Explore Switzerland’s ancient and enchanting lakeside city with this equally splendid itinerary…
1. The Needle Dam
This fascinating needle dam (nadelwehr), also known as Reuss Weir, was built between 1859 and 1861 to control the flow of water from the River Reuss into Lake Lucerne in order to prevent flooding and regulate the water levels; wooden needles are inserted or removed from the weir to affect the flow of water.
2. The Musegg Wall
Built in the 14th century as part of the fortifications protecting the then town, the Musegg Wall and four of its nine towers (including the Männli tower, adorned with a statue of a soldier) are open to the public; you can walk the ramparts to enjoy views over the old town and the city beyond.
3. The Lion of Lucerne
This rock relief of a dying lion is heartbreaking in its precision; it was carved in 1820/21 in memory of the Swiss Guards who lost their lives in Paris during the French Revolution. Mark Twain called it “the most mournful and moving piece of stone in the world”.
4. Admire the Kornmarkt
The heart of Lucerne’s Old Town, the historic buildings that rim the Kornmarkt including the old Town Hall and bakers’ guild hall (now a restaurant serving Swiss cuisine) are some of the most beautiful in the city, and many are decorated with historic murals.
5. Breakfast at the Wochenmarkt
Stretching along the river, this market, held every Tuesday and Saturday, is where locals come for their produce. There are stalls selling fresh bread and baked goods, and access to great coffee for breakfast as you browse.
6. The Rosengart Collection
Occupying a lovely neoclassical building in the New Town, this museum boasts works by Picasso, Klee, Miro, Matisse, Braque, Chagall and more; owner and art collector Angela Rosengart was a close friend of Picasso.
7. Explore the Jesuit Church
Sitting at the edge of the River Reuss, the Jesuit Church (Jesuitenkirche) was consecrated in 1677, although its distinctive onion-domed towers were only completed in 1893. Step inside to see the fanciful Baroque nave and high altar resplendent in marble stucco and gilt.
8. Hunt for souvenirs
Held every Saturday between May and October from 7am, the flea market at Reusssteg is the biggest in the city. Stalls groan under the weight of bric-a-brac, curios and vintage clothing, with stallholders who are happy to haggle. Search out old cow bells for a uniquely Swiss souvenir.
9. Walk the Spreuer Bridge
Originally built as part of the medieval city around 1408 to connect surrounding flour mills with the bakers’ shops found on the left bank of the River Reuss, the covered Spreuer Bridge is decorated inside with fascinatingly macabre murals depicting the Dance of Death.
10. Indulge in some Swisse Cuisine
With its outdoorsy lifestyle and cold Alpine winters, it’s no surprise that traditional Swiss cuisine is made up of hearty dishes designed to warm you up from the inside.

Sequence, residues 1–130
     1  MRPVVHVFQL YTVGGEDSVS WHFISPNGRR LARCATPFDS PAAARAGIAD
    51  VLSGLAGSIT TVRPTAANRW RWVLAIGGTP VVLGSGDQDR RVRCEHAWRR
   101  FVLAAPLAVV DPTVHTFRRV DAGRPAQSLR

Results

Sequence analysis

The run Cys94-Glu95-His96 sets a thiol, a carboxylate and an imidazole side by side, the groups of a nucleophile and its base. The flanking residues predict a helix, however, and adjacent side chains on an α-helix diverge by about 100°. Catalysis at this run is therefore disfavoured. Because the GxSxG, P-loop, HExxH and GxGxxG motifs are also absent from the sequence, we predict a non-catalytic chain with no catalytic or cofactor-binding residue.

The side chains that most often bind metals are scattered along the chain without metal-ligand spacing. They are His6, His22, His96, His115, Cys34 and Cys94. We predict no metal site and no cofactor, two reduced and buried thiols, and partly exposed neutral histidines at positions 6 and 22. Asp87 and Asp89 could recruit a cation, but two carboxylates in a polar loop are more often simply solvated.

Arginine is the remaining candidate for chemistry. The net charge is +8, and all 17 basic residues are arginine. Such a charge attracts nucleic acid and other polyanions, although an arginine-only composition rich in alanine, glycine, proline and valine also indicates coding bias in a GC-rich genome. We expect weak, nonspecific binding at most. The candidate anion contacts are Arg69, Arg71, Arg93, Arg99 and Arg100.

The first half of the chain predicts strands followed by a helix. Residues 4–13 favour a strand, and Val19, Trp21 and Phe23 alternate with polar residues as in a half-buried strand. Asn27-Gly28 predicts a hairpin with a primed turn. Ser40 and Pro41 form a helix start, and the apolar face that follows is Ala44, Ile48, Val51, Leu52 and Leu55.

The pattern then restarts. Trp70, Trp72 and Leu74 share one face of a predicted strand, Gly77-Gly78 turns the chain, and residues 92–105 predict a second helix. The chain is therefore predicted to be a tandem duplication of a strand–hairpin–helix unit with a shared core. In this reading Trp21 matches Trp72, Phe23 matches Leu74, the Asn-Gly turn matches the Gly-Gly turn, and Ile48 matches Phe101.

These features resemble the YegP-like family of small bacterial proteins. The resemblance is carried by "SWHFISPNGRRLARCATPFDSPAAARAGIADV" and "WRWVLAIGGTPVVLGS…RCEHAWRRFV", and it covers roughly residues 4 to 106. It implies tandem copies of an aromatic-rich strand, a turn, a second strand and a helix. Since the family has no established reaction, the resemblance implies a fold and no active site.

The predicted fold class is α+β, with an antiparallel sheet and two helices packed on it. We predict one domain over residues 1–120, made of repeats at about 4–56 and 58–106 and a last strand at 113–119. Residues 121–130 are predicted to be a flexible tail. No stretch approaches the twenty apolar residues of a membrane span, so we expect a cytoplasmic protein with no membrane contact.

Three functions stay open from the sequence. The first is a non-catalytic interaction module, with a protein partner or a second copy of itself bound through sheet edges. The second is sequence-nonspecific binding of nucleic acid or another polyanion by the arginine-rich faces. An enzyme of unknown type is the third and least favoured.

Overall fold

Many consider this potato fritter to be the national dish; it’s made by forming grated potato into rounds and frying until crisp and golden brown. Originating in Bern as a farmer’s breakfast, they are now enjoyed across the country.
A uniquely Swiss version of macaroni cheese that originated in the Alps, it’s made by layering pasta and potatoes with cheese, all of which is topped with fried onions and served with apple sauce.
Arguably Switzerland’s most famous dish, fondue is made up of molten cheese sauce served in a caquelon, into which chunks of bread are dipped. Potatoes are also popular for dipping.
Invented by Swiss doctor Maximilian Oskar Bircher-Benner at the turn of the 20th century, Birchermüesli is traditionally made by combining rolled oats with milk, lemon juice, nuts and grated apple.
By the late 19th century Swiss chocolatiers had gained a world-leading reputation thanks largely to the invention of milk chocolate and Rodolphe Lindt’s development of fondant chocolate.
11. Dip into Lake Lucerne
Switzerland may be a landlocked country but you can still go to the beach. Stretching along the shore of Lake Lucerne, the Strandbad Lido (open from May to September) has a sandy beach, parklands and pool (badi) all looking out to stunning mountain views.
This is where locals flock during the summer months to soak up the sun and enjoy natural swimming in the clean, refreshing waters of the lake. And if the temperature is a little too cool for your liking, the pool at the lake’s edge is pleasantly heated. If swimming isn’t your thing, opt for one of the many river boat tours that ply the lake all year round.
12. The Chapel Bridge
Lucerne’s reputation as one of Switzerland’s prettiest cities is instantly confirmed upon seeing the glorious Chapel Bridge or Kapellbrücke that snakes across the River Reuss. The covered wooden bridge was built around 1365 as part of the city’s fortifications; its water tower pre-dates the bridge by 30 years and has been used as a prison and torture chamber during its history.
Paintings depicting the history of Lucerne were added to the interiors in the 17th century. Two-thirds of the bridge, the oldest covered bridge in the world, was devastated by fire in 1993, reopening in 1994 having been restored to its original glory.